The founder of Ottawa-based consultancy Bitcoin Strategy Group, Victoria van Eyk serves as vice president of community at social tipping startup ChangeTip.
Connie Gallippi is the founder of the BitGive Foundation, the industry’s first 501(c)(3) nonprofit, while Elizabeth McCauley manages its outreach and strategic partnerships
Given that bitcoin and the blockchain are still misunderstood in the eyes of the public, industry proponents have long sought to showcase how the digital currency’s attributes can be used to the advantage of global relief and philanthropy efforts.
For incumbent financial services firms, eager to avoid the negative connotations bitcoin can bring, such efforts are often the first step in their engagement with the industry.
Still, much of the charitable giving comes not from financial firms, but the bitcoin community, which has sought to use relief efforts as a way to highlight how the digital currency offers a low-cost way to transfer value globally.
While such efforts didn’t accrue the headline-grabbing figures they did in 2013, the community signed up more than 30 charities in 2015, according to those close to the efforts.
In this article, we review some of the most successful campaigns:
Water for Kenya
First and foremost is the possibly the community’s greatest asset, BitGive.
Perhaps the most powerful story to share is how BitGive raised over $11,000 from the bitcoin community for the installation of a water well at the Shisango Girls School in Kenya.
The school is located in a remote area of western Kenya, and the project was built with BitGive’s partner The Water Project. This short video, sponsored by BitPesa and Libra, tells the compelling story of how bitcoin helped bring clean, safe water to the school and to more than 500 people in the surrounding community.
BitGive is fundraising now for 2016 to build a Donation Transparency Platform, the inaugural project of its Charity 2.0 Initiative that aims to revolutionize philanthropy. The platform would allow donors and the public to see exactly where funds go and how they are allocated.
The community benefits from success stories like this. These excellent bitcoin use cases were reviewed in mainstream media coverage by Entrepreneur, WSJ, Fortune and Inside Philanthropy.
Education in Afghanistan
Secondly, the bitcoin community backed the successful creation of the first coding school for women in Afghanistan.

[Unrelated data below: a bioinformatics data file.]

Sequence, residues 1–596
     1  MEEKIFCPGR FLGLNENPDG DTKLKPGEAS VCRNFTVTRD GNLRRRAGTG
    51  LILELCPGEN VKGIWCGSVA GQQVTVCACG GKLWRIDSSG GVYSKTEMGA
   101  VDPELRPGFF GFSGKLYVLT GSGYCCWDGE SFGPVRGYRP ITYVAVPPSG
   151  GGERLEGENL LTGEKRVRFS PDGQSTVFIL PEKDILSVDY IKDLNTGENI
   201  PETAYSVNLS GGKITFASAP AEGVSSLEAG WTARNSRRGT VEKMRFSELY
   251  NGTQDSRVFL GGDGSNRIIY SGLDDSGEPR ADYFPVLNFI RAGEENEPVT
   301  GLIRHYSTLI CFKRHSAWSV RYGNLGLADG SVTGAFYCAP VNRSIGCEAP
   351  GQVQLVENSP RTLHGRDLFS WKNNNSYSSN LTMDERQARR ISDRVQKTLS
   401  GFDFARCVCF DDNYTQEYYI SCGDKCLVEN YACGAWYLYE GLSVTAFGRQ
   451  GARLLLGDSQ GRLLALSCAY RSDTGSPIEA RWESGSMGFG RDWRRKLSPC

Created by Fereshteh Forough in 2014, Code to Inspire (CTI) establishes safe and secure local programming labs specifically for women in Afghanistan, where they can empower themselves in educational environments to learn coding skills.
Built over the year with community support from individuals and corporate donors, including major US retailer Overstock, the organization now has enough laptops to provide for its members. Considering the majority of female Afghanis do not have access to traditional finances, digital currencies such as bitcoin are a main pillar of CTI’s work.
The community’s donations continue to do good work, and CTI is looking forward to partnering in 2016 with the bitcoin community to continue building the organization into a success.
Encouraging online giving
ChangeTip put a significant emphasis this year on building technologies to empower charities and causes worldwide.
With the launch of the company’s ‘Give’ page, users can now automatically transfer any received tips directly to more than 20 supported causes, including Antiwar, BitGive, CTI, the Red Cross, Direct Relief and Sean’s Outpost.
The company seeks to make charitable donations as easy as a tweet or a click, allowing people to act when calls to actions are made for assistance. ChangeTip ran campaigns this year with a number of charities, but had two notable successes.
The first was its response to the Nepal Earthquake, where community members over Twitter, Reddit and Meerkat donated aid in real time to the American Red Cross and Direct Relief. Particularly exciting was the Meerkat community’s embrace of bitcoin, where livestreamers were dancing, cooking and playing piano to raise funds for the charities in need.
The second great success was the week-long, bitcoin-powered prenatal vitamin campaign run with Direct Relief.
The organization opted to run a campaign to receive both fiat and bitcoin donations to provide 2,000 nutrition-deprived expectant mothers in Sierra Leone and Liberia with adequate nutrition to ensure a safe pregnancy. The Direct Relief team is now looking to create ongoing campaigns to continue to teach their donor base about bitcoin.
Finally, to end 2015, ChangeTip is running a #socialgiving campaign from 26th to 31st December to encourage donations via their platform to the Sunday Breakfast Rescue Mission, a homeless shelter in Philadelphia.
For more information on this effort, visit the campaign’s website here.
Refugee camp image via Shutterstock
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